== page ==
Title: Re: domino joint strength
Post by: Terry Fogarty on June 07, 2009, 10:37 PM
As someone who has plunged literally thousands and thousands of  Domino mortises, I have also done my own strength testing and if you apply glue only to the tenons or just in the mortise, the join is weak. If you apply glue to both surfaces the joint strength is incredibly strong.
Title: Re: domino joint strength
Post by: MCASE on June 07, 2009, 10:49 PM
No Timbo,  the dominos themselves do not break.  Actually they have great shear strength.   With a single #8 domino the glue surface in the rail let go quite easily.  It surprised me that the parallel  grain glue joint in the rail let go before the cross grain.   A parallel grain glue surface should be as strong or stronger than the wood itself.  It was the strange nature of this failure that leads me to suspect the impressions might be interfering with  proper adhesion.
Title: Re: domino joint strength
Post by: MCASE on June 07, 2009, 11:11 PM
Tezzer,   Your quite right to point this out.  Your certainly not going to get a good joint by only gluing the tenon or only gluing the mortise.  I can't answer for the Fine woodworking group, but I assure you  I glued all mating surfaces on both tenon/dominos and the interior of the mortises.  I do this with all mortise and tenons,  having learned the hard way never to starve a glue joint.   If you did comparative tests and your  results differ from Fine woodworking's lab tests I'm not here to say your wrong.     But, I have to tell you I methodically went through a lot of joints in two different species of wood and found that my results with mortise and tenon, and old style floating tenon v. domino did confirm their findings.     If your achieving joints strengths that satisfy your needs then more power to you.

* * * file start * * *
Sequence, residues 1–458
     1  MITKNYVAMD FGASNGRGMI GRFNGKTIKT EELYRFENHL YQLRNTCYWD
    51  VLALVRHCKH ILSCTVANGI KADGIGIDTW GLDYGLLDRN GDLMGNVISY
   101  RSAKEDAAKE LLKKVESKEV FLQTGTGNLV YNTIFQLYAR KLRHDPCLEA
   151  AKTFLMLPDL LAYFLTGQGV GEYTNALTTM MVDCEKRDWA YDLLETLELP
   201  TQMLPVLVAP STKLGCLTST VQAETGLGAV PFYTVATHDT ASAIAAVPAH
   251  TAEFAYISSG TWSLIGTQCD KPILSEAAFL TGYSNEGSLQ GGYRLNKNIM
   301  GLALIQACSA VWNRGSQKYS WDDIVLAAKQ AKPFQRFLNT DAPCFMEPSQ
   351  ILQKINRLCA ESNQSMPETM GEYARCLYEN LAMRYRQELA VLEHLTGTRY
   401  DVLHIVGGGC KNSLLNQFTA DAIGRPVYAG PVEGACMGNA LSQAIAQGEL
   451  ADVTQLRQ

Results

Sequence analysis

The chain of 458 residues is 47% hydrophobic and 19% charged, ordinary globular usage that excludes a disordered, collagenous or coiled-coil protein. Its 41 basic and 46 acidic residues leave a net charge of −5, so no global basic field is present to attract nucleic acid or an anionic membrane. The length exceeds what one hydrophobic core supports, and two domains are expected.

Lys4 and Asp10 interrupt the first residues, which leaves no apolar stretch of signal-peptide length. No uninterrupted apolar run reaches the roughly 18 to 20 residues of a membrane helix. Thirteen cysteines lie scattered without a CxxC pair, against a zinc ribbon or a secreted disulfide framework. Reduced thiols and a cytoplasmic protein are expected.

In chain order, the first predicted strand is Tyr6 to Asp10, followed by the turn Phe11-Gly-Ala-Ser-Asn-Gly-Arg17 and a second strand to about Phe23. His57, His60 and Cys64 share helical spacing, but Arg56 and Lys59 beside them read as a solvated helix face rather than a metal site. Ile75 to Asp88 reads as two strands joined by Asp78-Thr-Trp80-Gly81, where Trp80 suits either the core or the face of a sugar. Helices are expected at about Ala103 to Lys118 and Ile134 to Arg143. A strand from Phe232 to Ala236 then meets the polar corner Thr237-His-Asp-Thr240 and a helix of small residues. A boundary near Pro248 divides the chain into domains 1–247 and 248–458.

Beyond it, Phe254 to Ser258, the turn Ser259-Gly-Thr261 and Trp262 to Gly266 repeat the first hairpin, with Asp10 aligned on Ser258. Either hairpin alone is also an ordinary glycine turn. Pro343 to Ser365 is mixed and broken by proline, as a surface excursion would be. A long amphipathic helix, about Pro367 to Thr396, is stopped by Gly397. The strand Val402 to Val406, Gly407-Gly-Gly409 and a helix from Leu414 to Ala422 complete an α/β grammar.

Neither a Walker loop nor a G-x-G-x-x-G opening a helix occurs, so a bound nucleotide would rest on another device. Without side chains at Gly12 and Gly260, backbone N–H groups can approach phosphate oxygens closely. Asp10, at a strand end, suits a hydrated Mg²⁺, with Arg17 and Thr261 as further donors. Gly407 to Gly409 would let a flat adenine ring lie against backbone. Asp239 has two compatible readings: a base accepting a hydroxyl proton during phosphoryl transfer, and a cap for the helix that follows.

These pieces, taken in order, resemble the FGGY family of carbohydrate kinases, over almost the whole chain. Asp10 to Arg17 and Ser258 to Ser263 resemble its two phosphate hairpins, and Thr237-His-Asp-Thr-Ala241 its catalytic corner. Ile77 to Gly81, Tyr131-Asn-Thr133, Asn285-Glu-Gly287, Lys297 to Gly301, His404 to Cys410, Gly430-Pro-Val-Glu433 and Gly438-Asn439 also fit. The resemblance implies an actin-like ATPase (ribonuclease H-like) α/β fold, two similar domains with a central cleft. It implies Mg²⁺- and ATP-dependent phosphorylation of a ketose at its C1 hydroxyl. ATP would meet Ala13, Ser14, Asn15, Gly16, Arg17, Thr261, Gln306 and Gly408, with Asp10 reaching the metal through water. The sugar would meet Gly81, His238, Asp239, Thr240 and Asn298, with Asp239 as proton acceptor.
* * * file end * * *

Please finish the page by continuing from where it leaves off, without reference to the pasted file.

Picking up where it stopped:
Title: Re: domino joint strength
Post by: wooden on June 08, 2009, 12:38 AM
As I understand it, the impressions/indentations on the faces of the Domino tenon are to "hold" some of the glue to stop it being wiped off the surface when you insert it into the mortice. Dominoes can be a very tight fit, so the action of inserting them into a hole tends to shear off a lot of the glue that you apply to the two faces.
That idea is bunk. 

Interesting. So, what do you think the grooves and indentations are for, and do you think they are a good idea?



A means to justify the very expensive price point?  This does not mean I don't purchase dominos.  I purchase many.

Also....I think dominos (and I know that biscuits were) are intended for joining cases made of engineered materials.  In this application, you would put many dominos into a single joint, making for a very strong joint.  In fact, I've dropped a dominoe'd plywood case and while I had to replace the case, the case did not fail at the joinery.  The plywood material dented where the case struck the floor....but the case stayed intact and even stayed square.